The Old Curiosity Shop

Introduction by Peter Washington

Introduction by Peter Washington
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Hardcover
$26.00 US
On sale Aug 01, 1995 | 624 Pages | 9780679443735

Charles Dickens’s story of selfless Little Nell and her ailing grandfather and their persecution by the magnificently malignant villain Quilp has seized the imaginations and wrung the hearts of generations of readers.

Dickens’s talent was superabundant in every way: in his dramatic force and his massive productivity, in his almost surreal comic power, in his compassion and thirst for justice, and in the imaginative pressure he brought to bear on even the most incidental of his characters. The delightfully various figures in The Old Curiosity Shop range memorably from jaunty Dick Swiveller and his little half-starved Marchioness to the hard-hearted siblings Sampson and Sally Brass, jovial Mrs. Jarley, devoted Kit Nubbles, the hunchbacked Daniel Quilp, and, of course, tragic Little Nell herself. Dickens’s depiction of the fate of his main characters is famously harrowing and unfailingly suspenseful, but not the least of its charms is that it is embellished with a supporting cast of figures as grotesque and colorful as anything in the Old Curiosity Shop itself.
           
This edition reprints the original Everyman’s preface by G. K. Chesterton and features seventy-five illustrations by Cattermole and Phiz.

Charles Dickens was born in a little house in Landport, Portsea, England, on February 7, 1812. The second of eight children, he grew up in a family frequently beset by financial insecurity. When the family fortunes improved, Charles went back to school, after which he became an office boy, a freelance reporter, and finally an author. With Pickwick Papers (1836–37) he achieved immediate fame. In a few years he was easily the most popular and respected writer of his time. It has been estimated that one out of every ten persons in Victorian England was a Dickens reader. Oliver Twist (1837), Nicholas Nickleby (1838–39), and The Old Curiosity Shop (1840-41) were huge successes. Martin Chuzzlewit (1843–44) was less so, but Dickens followed it with his unforgettable, A Christmas Carol (1843), Bleak House (1852–53), Hard Times (1854), and Little Dorrit (1855–57), which reveal his deepening concern for the injustices of British society. A Tale of Two Cities (1859), Great Expectations (1860–61), and Our Mutual Friend (1864–65) complete his major works. View titles by Charles Dickens

About

Charles Dickens’s story of selfless Little Nell and her ailing grandfather and their persecution by the magnificently malignant villain Quilp has seized the imaginations and wrung the hearts of generations of readers.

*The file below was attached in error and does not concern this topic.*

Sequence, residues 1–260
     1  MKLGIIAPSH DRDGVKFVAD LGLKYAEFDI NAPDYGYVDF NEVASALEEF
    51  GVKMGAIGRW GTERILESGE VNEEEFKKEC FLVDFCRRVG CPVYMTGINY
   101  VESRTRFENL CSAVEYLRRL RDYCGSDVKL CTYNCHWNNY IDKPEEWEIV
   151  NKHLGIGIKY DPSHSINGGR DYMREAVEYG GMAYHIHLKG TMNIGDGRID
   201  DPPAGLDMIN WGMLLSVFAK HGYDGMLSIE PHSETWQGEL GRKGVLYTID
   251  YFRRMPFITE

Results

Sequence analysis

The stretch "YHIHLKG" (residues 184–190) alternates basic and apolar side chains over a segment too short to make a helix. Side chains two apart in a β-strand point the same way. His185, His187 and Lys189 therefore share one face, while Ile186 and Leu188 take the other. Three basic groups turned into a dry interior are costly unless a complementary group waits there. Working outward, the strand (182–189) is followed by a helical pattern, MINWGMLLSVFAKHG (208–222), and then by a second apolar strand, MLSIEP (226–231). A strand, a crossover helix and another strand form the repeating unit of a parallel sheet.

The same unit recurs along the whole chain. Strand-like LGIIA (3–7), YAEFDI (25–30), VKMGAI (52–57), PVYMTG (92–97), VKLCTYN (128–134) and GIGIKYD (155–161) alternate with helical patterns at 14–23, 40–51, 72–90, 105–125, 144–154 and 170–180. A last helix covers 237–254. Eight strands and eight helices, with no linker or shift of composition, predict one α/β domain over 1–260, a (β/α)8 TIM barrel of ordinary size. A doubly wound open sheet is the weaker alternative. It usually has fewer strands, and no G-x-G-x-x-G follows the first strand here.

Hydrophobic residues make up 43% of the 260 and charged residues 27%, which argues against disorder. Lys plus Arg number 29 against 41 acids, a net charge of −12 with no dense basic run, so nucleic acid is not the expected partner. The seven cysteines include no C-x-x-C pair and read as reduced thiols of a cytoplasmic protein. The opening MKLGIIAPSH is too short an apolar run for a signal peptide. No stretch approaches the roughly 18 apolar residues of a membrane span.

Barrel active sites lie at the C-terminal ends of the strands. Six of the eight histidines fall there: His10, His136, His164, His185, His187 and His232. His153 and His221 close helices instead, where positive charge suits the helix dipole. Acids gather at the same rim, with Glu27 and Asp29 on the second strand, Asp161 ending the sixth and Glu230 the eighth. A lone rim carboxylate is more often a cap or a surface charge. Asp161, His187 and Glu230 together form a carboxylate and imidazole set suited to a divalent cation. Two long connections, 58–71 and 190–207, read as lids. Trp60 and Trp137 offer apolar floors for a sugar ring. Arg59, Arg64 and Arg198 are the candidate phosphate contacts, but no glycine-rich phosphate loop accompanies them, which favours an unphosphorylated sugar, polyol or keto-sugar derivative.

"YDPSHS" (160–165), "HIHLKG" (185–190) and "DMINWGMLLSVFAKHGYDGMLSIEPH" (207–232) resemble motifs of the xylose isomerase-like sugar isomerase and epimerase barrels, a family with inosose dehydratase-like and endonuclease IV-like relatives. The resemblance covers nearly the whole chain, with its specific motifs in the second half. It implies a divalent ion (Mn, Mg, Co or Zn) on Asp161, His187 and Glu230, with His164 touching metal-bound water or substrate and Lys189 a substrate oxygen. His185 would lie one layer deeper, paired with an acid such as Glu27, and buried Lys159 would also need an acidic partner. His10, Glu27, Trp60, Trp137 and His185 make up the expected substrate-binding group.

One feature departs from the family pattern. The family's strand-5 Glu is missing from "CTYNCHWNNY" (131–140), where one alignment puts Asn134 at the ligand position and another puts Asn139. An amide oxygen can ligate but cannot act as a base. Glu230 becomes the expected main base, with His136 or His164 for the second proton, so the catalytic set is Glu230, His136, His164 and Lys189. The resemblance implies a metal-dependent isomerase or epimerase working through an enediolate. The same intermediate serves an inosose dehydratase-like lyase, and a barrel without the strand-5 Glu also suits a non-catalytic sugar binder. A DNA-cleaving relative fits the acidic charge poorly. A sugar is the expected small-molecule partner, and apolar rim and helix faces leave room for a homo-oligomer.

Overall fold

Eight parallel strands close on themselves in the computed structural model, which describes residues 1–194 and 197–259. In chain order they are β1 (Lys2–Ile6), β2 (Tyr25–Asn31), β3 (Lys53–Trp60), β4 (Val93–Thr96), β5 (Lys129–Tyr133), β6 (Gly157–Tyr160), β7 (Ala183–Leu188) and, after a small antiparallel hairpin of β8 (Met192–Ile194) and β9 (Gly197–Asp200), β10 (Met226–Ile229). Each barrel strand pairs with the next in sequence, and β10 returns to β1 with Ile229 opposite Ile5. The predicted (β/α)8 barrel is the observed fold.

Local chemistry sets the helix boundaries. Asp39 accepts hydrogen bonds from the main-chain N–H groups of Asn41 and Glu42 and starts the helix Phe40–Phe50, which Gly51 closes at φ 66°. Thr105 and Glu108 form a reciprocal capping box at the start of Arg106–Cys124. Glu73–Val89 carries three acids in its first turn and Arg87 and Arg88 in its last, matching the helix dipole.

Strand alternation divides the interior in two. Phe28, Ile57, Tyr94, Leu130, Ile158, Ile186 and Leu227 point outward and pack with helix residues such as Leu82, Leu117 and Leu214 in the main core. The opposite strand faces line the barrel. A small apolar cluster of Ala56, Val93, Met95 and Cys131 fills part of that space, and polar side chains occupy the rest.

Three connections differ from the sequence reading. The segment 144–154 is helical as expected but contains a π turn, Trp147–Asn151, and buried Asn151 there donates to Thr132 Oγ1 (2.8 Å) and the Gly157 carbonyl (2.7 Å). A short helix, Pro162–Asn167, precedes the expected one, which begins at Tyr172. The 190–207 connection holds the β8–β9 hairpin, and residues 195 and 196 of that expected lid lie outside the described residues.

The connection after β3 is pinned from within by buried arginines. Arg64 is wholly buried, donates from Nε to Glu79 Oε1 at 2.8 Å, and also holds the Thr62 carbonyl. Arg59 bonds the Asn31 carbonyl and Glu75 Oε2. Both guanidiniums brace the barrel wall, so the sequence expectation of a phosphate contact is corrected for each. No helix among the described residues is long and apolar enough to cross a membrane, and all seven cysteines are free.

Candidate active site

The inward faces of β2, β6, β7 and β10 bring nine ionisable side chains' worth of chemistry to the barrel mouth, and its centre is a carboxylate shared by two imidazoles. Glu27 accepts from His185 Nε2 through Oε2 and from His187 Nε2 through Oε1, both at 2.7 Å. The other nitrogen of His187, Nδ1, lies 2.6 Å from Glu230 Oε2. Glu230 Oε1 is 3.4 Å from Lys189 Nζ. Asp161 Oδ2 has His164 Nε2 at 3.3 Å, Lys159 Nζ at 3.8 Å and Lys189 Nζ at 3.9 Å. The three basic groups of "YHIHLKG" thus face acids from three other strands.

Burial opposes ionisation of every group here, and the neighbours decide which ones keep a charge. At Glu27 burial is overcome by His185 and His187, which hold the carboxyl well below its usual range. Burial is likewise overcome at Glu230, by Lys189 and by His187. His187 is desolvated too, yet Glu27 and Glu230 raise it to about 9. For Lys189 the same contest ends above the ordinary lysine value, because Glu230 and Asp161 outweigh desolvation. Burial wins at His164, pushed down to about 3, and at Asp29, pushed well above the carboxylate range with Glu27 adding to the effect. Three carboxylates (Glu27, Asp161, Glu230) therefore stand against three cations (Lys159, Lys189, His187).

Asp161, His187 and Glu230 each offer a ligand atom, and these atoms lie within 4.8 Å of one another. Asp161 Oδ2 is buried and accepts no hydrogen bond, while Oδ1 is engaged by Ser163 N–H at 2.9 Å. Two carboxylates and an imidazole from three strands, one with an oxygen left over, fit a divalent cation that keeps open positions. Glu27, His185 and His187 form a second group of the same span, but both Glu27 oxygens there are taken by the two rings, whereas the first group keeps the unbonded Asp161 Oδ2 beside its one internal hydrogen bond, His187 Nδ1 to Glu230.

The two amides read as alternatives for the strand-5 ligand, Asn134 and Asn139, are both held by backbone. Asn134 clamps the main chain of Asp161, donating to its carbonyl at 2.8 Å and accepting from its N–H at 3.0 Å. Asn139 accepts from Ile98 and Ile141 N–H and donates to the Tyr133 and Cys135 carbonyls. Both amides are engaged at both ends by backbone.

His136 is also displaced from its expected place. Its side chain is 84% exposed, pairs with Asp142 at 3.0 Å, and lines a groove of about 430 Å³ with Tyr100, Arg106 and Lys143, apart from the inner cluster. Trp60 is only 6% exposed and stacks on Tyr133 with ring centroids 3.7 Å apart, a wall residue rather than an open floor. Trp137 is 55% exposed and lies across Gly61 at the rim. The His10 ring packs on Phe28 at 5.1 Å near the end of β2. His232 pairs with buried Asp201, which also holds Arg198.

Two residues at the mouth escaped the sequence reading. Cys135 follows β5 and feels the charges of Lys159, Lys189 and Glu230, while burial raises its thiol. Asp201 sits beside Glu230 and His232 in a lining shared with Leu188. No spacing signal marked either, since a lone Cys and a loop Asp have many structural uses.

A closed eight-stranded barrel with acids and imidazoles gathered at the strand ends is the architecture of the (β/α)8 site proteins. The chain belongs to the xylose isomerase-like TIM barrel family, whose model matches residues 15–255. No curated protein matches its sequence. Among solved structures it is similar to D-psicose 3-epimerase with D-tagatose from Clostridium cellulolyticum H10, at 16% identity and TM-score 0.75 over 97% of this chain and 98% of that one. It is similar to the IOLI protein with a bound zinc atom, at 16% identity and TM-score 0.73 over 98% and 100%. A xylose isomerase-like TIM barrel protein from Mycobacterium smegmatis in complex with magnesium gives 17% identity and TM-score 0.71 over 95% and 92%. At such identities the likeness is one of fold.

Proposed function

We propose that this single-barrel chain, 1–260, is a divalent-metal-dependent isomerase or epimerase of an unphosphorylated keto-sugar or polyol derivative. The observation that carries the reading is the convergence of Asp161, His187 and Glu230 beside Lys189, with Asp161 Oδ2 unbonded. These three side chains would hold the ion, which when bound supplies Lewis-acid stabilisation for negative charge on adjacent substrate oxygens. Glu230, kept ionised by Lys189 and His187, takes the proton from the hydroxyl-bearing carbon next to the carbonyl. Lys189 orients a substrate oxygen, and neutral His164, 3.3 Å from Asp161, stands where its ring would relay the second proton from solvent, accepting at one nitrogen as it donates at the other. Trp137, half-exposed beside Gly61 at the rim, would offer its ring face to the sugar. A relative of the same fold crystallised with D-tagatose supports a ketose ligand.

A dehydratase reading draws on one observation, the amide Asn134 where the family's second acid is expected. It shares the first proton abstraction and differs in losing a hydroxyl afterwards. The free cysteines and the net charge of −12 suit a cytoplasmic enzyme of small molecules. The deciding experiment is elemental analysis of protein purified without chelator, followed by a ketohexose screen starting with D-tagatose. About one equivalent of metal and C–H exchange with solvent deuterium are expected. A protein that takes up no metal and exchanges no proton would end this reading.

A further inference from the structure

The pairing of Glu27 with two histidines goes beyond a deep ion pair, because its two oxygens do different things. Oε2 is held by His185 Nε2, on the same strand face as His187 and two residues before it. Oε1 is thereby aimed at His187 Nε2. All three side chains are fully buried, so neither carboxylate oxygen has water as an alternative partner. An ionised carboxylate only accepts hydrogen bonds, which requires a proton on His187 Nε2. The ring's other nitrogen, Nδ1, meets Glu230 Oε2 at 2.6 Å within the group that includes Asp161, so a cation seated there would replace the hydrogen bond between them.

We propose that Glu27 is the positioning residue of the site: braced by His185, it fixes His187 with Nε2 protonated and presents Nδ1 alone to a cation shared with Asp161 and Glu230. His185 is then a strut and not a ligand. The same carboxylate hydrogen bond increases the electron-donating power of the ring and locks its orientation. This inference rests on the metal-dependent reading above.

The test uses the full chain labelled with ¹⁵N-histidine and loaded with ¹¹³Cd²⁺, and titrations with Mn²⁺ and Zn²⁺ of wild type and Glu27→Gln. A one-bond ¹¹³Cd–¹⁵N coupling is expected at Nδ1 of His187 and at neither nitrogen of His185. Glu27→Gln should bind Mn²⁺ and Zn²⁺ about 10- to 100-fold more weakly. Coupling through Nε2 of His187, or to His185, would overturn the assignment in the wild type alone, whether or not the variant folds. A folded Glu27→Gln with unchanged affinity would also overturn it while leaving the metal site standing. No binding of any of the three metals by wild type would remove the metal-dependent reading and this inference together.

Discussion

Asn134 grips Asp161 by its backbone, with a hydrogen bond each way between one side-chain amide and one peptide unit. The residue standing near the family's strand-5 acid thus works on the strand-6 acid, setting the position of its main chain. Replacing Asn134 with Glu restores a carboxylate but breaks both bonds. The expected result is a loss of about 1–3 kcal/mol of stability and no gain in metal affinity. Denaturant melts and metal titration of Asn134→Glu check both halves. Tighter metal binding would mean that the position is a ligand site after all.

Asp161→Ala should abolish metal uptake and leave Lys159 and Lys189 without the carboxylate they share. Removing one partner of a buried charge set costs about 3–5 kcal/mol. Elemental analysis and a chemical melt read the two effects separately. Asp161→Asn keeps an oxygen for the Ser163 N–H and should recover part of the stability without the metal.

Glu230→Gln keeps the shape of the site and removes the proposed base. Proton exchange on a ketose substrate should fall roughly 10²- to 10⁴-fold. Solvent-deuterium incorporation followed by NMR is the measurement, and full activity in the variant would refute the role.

Dickens’s talent was superabundant in every way: in his dramatic force and his massive productivity, in his almost surreal comic power, in his compassion and thirst for justice, and in the imaginative pressure he brought to bear on even the most incidental of his characters. The delightfully various figures in The Old Curiosity Shop range memorably from jaunty Dick Swiveller and his little half-starved Marchioness to the hard-hearted siblings Sampson and Sally Brass, jovial Mrs. Jarley, devoted Kit Nubbles, the hunchbacked Daniel Quilp, and, of course, tragic Little Nell herself. Dickens’s depiction of the fate of his main characters is famously harrowing and unfailingly suspenseful, but not the least of its charms is that it is embellished with a supporting cast of figures as grotesque and colorful as anything in the Old Curiosity Shop itself.
           
This edition reprints the original Everyman’s preface by G. K. Chesterton and features seventy-five illustrations by Cattermole and Phiz.

Author

Charles Dickens was born in a little house in Landport, Portsea, England, on February 7, 1812. The second of eight children, he grew up in a family frequently beset by financial insecurity. When the family fortunes improved, Charles went back to school, after which he became an office boy, a freelance reporter, and finally an author. With Pickwick Papers (1836–37) he achieved immediate fame. In a few years he was easily the most popular and respected writer of his time. It has been estimated that one out of every ten persons in Victorian England was a Dickens reader. Oliver Twist (1837), Nicholas Nickleby (1838–39), and The Old Curiosity Shop (1840-41) were huge successes. Martin Chuzzlewit (1843–44) was less so, but Dickens followed it with his unforgettable, A Christmas Carol (1843), Bleak House (1852–53), Hard Times (1854), and Little Dorrit (1855–57), which reveal his deepening concern for the injustices of British society. A Tale of Two Cities (1859), Great Expectations (1860–61), and Our Mutual Friend (1864–65) complete his major works. View titles by Charles Dickens

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